de novo

Definition from Wiktionary, the free dictionary
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See also: denovo

English[edit]

Etymology[edit]

Borrowed from Latin dē novō (adverb, literally from the new), from (from) + novō, ablative singular of novus (new).

Pronunciation[edit]

Adjective[edit]

de novo (not comparable)

  1. Anew, afresh, from the beginning; without consideration of previous instances, proceedings or determinations.
    He filed a motion for a de novo hearing.

Adverb[edit]

de novo

  1. anew (from the beginning)

Translations[edit]

Usage notes[edit]

  • Because this is a Latin phrase, it is often italicized when written (i.e., de novo).
  • In law, de novo is the most rigorous of the three standards by which common law court decisions are reviewed on appeal; the other two are clear error and abuse of discretion.

See also[edit]


Galician[edit]

Etymology[edit]

From Old Galician and Old Portuguese de novo (13th century, Cantigas de Santa Maria), from Latin dē novō (anew). Compare Portuguese de novo and Spanish de nuevo.

Pronunciation[edit]

Adverb[edit]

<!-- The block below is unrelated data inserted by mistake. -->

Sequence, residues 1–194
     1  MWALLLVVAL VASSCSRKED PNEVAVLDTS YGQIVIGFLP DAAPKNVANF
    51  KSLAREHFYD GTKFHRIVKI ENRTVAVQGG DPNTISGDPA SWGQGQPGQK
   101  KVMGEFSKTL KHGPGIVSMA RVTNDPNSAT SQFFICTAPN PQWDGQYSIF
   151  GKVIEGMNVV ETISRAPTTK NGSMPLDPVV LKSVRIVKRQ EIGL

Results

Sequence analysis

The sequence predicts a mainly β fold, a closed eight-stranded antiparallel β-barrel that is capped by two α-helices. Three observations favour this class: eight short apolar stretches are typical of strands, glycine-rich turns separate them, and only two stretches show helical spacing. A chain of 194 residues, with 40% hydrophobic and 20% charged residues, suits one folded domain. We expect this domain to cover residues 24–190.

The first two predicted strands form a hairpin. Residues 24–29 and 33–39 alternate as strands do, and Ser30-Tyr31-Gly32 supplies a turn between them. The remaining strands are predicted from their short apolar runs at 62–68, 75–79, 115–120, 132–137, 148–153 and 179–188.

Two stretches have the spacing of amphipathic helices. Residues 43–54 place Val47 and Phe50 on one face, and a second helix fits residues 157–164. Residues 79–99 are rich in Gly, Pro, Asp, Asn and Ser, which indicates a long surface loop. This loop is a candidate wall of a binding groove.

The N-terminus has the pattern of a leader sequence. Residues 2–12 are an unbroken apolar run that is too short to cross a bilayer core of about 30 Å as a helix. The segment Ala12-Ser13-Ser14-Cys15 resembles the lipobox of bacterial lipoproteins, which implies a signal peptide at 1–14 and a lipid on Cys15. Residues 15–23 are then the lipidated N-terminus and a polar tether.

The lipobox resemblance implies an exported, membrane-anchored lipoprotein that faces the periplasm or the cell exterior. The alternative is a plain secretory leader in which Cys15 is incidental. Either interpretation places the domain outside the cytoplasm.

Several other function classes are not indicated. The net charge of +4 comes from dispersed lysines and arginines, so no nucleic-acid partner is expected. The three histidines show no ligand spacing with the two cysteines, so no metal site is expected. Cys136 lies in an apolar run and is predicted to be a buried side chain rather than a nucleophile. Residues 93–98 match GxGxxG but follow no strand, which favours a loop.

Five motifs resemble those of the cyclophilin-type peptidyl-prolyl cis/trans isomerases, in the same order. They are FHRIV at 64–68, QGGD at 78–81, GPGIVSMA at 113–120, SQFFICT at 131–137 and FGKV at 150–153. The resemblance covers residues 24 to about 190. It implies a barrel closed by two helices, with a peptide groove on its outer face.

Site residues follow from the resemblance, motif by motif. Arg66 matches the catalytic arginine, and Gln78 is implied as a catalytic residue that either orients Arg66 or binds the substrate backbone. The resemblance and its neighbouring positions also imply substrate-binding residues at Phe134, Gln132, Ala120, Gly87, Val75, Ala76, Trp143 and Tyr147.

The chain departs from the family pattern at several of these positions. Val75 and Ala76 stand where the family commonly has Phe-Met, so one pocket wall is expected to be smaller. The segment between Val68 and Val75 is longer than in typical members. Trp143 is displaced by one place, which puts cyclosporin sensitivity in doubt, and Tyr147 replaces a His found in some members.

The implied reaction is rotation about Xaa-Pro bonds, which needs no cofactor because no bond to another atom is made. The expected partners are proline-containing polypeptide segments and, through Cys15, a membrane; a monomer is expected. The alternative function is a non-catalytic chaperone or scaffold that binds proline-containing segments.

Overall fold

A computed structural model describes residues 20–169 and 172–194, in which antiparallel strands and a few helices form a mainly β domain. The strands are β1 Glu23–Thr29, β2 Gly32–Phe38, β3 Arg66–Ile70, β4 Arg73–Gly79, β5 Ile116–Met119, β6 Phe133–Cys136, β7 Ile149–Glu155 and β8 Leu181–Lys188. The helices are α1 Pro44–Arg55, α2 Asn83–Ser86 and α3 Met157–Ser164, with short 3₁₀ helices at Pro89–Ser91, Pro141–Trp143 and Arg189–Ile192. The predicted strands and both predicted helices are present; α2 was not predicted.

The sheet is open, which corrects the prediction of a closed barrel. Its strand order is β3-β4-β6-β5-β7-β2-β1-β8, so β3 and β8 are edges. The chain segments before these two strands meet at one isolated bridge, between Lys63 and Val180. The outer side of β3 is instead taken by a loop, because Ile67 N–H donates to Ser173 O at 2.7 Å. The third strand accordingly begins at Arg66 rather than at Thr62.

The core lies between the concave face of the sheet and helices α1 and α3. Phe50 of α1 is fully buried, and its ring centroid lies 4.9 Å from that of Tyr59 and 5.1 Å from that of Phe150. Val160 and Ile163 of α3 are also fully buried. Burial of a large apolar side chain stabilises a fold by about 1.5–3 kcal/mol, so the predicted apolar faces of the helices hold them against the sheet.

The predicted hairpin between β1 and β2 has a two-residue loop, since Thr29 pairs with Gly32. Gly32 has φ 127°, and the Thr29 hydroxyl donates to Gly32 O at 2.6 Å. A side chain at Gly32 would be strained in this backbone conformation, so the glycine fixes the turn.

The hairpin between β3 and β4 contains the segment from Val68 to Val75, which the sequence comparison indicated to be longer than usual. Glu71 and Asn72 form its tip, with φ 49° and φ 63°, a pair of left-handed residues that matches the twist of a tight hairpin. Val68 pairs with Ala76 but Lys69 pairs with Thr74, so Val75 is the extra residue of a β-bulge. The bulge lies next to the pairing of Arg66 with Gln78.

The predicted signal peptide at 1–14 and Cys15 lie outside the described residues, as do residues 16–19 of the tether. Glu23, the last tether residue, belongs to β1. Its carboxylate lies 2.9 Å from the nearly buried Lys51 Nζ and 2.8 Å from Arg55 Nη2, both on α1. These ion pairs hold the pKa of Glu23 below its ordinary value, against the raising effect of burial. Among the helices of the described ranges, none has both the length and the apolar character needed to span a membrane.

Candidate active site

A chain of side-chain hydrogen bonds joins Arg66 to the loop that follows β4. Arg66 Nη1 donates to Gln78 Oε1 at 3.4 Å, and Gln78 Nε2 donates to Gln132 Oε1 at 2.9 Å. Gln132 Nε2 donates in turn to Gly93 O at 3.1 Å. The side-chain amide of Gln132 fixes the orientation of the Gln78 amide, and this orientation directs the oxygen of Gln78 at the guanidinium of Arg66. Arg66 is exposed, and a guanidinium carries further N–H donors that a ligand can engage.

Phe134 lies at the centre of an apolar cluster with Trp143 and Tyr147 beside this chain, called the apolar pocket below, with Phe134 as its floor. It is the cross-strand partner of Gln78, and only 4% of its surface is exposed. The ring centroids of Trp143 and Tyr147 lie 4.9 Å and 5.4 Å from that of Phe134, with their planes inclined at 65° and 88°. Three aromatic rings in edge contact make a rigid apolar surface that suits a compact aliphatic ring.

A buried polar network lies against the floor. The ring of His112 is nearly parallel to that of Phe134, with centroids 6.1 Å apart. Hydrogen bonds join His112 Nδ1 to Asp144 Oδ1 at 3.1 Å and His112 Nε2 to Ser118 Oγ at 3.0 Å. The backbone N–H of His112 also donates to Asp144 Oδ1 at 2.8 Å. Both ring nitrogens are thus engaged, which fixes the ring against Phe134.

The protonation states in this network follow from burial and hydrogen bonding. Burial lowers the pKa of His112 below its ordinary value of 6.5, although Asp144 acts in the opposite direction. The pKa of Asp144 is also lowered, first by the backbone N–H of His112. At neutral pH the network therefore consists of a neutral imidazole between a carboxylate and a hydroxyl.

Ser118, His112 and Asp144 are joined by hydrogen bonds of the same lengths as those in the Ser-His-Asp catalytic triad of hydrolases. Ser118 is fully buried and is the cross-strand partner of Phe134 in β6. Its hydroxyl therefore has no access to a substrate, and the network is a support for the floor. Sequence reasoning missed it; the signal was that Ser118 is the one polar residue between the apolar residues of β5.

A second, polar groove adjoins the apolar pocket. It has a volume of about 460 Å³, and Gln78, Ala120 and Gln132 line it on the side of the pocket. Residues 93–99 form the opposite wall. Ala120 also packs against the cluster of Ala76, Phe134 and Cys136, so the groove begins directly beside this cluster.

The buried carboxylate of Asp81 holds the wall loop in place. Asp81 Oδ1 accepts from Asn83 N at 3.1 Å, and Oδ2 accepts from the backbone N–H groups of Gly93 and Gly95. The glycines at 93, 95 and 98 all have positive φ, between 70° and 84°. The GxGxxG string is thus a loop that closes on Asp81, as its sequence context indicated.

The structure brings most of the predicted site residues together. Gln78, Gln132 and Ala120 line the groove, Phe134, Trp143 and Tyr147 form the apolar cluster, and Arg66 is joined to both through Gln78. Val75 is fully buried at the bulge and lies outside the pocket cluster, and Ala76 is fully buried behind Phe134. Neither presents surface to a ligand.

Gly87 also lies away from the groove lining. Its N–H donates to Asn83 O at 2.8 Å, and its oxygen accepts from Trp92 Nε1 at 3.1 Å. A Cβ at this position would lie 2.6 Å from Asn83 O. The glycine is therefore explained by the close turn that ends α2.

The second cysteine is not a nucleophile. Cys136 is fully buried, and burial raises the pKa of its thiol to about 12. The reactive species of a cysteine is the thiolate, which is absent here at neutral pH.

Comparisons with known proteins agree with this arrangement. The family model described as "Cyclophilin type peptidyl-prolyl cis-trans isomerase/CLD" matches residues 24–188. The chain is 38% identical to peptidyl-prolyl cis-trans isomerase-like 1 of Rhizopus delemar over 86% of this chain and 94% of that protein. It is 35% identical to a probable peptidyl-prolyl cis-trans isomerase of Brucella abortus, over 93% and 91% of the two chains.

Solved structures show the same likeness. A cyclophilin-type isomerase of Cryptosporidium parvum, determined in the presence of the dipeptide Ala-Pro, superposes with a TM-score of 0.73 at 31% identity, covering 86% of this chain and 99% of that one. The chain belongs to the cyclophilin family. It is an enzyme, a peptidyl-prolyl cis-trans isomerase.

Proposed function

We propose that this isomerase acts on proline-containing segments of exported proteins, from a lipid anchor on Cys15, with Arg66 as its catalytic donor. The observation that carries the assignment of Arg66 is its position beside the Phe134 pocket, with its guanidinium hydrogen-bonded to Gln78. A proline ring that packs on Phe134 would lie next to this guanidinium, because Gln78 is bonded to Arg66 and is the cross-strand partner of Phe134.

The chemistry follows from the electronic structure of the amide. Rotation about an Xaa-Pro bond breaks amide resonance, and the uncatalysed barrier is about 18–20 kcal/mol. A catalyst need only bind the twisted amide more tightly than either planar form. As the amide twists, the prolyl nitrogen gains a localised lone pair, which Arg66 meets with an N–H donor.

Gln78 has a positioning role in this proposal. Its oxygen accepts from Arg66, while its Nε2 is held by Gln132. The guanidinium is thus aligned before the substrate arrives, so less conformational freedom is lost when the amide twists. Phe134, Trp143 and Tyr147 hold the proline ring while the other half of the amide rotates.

de novo

  1. again; afresh
    Synonyms: novamente, outra vez
  2. freshly
    Synonym: recentemente

Related terms[edit]

References[edit]

  • novo” in Dicionario de Dicionarios do galego medieval, SLI - ILGA 2006–2022.
  • de novo” in Xavier Varela Barreiro & Xavier Gómez Guinovart: Corpus Xelmírez - Corpus lingüístico da Galicia medieval. SLI / Grupo TALG / ILG, 2006–2018.
  • novo” in Dicionario de Dicionarios da lingua galega, SLI - ILGA 2006–2013.
  • de novo” in Tesouro informatizado da lingua galega. Santiago: ILG.
  • de novo” in Álvarez, Rosario (coord.): Tesouro do léxico patrimonial galego e portugués, Santiago de Compostela: Instituto da Lingua Galega.

Interlingua[edit]

Adverb[edit]

de novo (not comparable)

  1. again (another time)

Latin[edit]

Adverb[edit]

novō (not comparable)

  1. (Medieval Latin) de novo, afresh, anew
    • 820 CE, Pseudo-Bede, Sententiae philosophicae collectae ex Aristotele atque Cicerone Ex Aristotele:
      Intelligitur sic a voluntate antiqua, id est, a Deo non procedit actio nova, id est, novum volitum, quia Deus non incipit aliquid de novo velle, quia quidquid Deus voluit, ab aeterno voluit.
      This way, it is understood that a new act, that is a new will, doesn't originate from old will, that is God, because God does not begin to want things afresh [as a new desire], since, whatever God has wanted, He has wanted it for all eternity.
    • 1180-1190, Andreas Capellanus, De amore, Book II, vi
      Sed quamvis in tanta simus audacter et improvide tempestatis unda prolapsi, de novo tamen amore cogitare non possumus vel alium liberationis modum exquirere.

Related terms[edit]

Descendants[edit]

  • English: de novo

Portuguese[edit]

Alternative forms[edit]

  • denovo (obsolete, internet slang, or misspelling)

Etymology[edit]

Borrowed from Latin dē novō (anew).

Pronunciation[edit]

 

Adverb[edit]

de novo (not comparable)

  1. again (another time)
    Synonyms: novamente, outra vez, mais uma vez

Related terms[edit]